When eating becomes a disorder When eating becomes a disorder

The social pressures of modern life bring new eating habits with them that can cause eating disorders and affect the health of young people.

Medical Advisor: Jaime Adams Dueñas Psychiatrist, practitioner at Coomeva Private Healthcare

There are many types of eating disorders that affect the health of people throughout the world, the most common of which are anorexia and bulimia. Extreme eating habits have a negative effect on people’s health and have increased and become more deeply rooted over the last few years as a result of new lifestyles and the demands they bring, often a response to wanting social acceptance.

Psychiatrist Jaime Adams Dueñas indicates that this trend is due to the stereotypes of physical appearance that advertisements create through media outlets such as television and internet. He also believes that advertisements promote the notion of an ideal life and wellbeing in a way that does not represent reality, harming those who try to adopt these forms to become beautiful, achieve everlasting youth or achieve what is supposed to be “healthy.”


“The influence these messages have and the idealistic type of people that they display can have a greater effect on people who are psychologically more susceptible to suffer from these disorders,” the specialist explains.

Children and youth tend to be more likely to suffer from diet-related disorders; however, they are also conditions that adults must also deal with. According to Adams, eating disorders can manifest as a problem of consumption (how people eat), a problem of quantity (too much or too little food) and by type of food (what people eat).

It can be dangerous because at first, people may not appear to be sick, and physically they may look better, however their poor nutrition can put their body out of balance and even lead to other diseases such as hypertension and diabetes. Adams therefore recommends knowing what the warning signs are and with children and youth, parents should learn to detect any unusual behaviors.

“The only healthy diet is one that is balanced; one where you do not eat in excess and that is paired with moderate physical activity,” states the psychiatrist.

The general recommendation with eating disorders is to seek medical attention. This provides patients with comprehensive care with their physician, nutrition specialists, psychologists and psychiatrists, who can all help the patient to maintain healthy and enjoyable eating habits. The list below introduces a few new types of eating disorders.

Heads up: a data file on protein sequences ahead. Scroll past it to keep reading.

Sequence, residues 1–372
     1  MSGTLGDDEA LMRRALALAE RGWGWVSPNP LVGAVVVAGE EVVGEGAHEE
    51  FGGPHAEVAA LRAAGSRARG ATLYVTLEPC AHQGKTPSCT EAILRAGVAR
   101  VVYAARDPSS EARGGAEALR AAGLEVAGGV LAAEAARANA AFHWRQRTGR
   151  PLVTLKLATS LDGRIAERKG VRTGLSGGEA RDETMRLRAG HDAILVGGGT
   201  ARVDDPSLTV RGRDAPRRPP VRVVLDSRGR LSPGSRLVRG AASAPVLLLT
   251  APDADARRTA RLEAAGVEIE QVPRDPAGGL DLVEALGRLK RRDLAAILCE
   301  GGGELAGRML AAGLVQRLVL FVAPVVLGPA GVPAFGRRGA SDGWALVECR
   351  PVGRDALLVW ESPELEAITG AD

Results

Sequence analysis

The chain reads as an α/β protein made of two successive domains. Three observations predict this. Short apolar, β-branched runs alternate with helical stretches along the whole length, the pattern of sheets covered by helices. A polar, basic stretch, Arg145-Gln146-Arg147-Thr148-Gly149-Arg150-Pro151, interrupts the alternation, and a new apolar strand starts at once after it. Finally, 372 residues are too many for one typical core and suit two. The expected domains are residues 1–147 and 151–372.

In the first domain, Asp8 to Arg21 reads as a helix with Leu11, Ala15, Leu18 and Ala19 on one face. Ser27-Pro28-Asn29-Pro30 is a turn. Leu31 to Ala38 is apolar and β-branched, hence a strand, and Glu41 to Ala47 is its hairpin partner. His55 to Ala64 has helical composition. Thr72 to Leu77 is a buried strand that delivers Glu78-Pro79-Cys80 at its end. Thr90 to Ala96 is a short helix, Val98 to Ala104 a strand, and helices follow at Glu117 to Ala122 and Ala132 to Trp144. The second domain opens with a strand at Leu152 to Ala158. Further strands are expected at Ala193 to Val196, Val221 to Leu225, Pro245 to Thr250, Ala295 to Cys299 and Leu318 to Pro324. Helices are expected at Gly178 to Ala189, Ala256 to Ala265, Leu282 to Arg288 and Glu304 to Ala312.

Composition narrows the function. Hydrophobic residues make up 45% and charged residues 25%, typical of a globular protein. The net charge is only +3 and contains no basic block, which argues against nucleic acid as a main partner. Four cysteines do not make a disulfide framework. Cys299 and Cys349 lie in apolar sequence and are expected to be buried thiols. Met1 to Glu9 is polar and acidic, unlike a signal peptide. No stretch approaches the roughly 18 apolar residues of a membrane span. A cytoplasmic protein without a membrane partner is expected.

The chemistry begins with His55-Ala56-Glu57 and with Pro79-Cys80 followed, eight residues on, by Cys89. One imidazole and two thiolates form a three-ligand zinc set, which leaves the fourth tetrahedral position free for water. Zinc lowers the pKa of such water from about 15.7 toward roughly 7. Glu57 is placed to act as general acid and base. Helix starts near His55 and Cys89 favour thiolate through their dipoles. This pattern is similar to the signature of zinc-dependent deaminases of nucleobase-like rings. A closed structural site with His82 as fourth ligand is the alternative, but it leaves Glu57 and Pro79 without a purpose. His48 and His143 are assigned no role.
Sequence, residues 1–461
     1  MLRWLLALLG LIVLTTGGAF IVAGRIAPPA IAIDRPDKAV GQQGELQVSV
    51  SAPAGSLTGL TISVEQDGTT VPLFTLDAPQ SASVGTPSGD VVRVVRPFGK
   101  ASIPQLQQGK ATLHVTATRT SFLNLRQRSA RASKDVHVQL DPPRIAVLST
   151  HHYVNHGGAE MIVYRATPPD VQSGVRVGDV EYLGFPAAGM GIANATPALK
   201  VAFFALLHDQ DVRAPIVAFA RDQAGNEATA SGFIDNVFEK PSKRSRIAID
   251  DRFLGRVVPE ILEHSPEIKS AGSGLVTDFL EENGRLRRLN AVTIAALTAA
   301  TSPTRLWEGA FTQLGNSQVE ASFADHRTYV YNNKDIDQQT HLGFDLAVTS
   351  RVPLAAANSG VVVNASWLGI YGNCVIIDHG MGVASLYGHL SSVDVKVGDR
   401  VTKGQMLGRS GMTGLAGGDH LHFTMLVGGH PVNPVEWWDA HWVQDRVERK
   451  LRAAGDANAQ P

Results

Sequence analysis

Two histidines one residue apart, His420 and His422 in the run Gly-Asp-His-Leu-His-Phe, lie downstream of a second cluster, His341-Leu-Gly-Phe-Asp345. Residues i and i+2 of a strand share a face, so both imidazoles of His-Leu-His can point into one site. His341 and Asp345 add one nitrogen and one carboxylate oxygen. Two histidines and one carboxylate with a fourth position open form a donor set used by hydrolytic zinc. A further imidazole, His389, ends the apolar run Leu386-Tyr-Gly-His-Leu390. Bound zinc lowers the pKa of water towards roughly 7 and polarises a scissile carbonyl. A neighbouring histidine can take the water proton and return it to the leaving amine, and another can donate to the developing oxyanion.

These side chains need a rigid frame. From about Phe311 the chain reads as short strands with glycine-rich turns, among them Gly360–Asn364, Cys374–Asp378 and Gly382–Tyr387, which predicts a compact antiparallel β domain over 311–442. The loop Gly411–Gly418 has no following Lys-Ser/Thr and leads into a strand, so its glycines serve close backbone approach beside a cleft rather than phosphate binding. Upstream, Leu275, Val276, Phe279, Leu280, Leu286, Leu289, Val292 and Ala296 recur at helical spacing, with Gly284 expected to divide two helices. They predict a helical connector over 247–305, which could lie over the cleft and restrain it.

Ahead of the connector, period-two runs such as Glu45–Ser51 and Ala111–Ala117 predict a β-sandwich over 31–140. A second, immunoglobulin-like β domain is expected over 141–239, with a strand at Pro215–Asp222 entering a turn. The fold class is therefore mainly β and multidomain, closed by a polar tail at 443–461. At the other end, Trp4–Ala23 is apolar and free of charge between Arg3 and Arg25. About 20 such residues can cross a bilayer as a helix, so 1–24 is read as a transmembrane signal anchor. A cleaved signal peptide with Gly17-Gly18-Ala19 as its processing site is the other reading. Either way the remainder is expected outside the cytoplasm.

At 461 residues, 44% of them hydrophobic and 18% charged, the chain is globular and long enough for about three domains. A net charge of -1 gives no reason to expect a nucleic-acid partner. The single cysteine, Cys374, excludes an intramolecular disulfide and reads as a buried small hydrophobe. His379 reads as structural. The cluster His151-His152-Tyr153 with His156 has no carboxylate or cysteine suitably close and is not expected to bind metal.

1. According to Adams, orthorexia is a condition in which the person is obsessed with healthy eating and a healthy lifestyle, a notion that comes from the idea of living an eternal life that is sold on advertisements. “They are very aware of everything that they eat and abstain from fats and proteins, thinking that this is healthier for them. This affects them negatively because these types of foods provide a significant source of nutrients.”
  2. Permarexia is the belief that takes away the ability to enjoy a meal, as every time they eat, they feel like they are going to gain weight. As our psychiatrist states, this obsession manifests in the need to carefully watch and count the calories they eat.

Muscle dysmorphia is another disorder that happens with people who over-exercise and take supplements and drink water instead of eating healthy,” Adams states.

  1. Drunkorexia occurs when people (especially teens and youth) drink alcohol and restrict what they eat to “compensate” for the calories they get from these drinks. Another form of a restricted diet is potomania, which is the trend of drinking more than the daily recommended amount of liquids (4 liters) instead of eating solids.
  2. Last is Avoidant/Restrictive Food Intake Disorder (ARFID). While anorexia is fueled by a fear of gaining weight, ARFID is simply a condition in which the person simply loses an interest in eating.

Eating disorders

can vary depending on how, how much and what type of food is consumed. It is important to observe people carefully in order to detect any unusual behavior.

Women are more likely to have eating disorders, which tend to come with depression, anxiety and drug abuse.


How to prevent them

While new eating patterns can affect how people eat, there are ways of avoiding them or treating them on time when they do arise. Our psychiatrist offers the following recommendations to keep in mind both for adults and for people who take care of children and teens:

  • Pay attention to mood.
  • Do moderate exercise without having a goal of looking like the models on advertisements. Do it for your health.
  • Do not overeat and try to have a balanced diet (the World Health Organization recommends eating five servings of 400 mg of fruit and vegetables a day, as well as limiting fat consumption to 30% of your daily caloric intake).
  • Analyze and check what your relationship is with food.
  • Don’t believe everything on the internet. Seek out information in scientific or health journals.

Accept the problem

There can be several stages to treating eating disorders; they can require comprehensive care, depending on the patient’s condition.

“The most important thing is for people to accept they have a problem with their diet, because people often use defense mechanisms and false justifications to not have to accept the problem,” states Adams. For him, family also plays an essential role, as they can sometimes worsen the problem without realizing it when, for example, they make comments about the physical appearance of the person who has an eating disorder •

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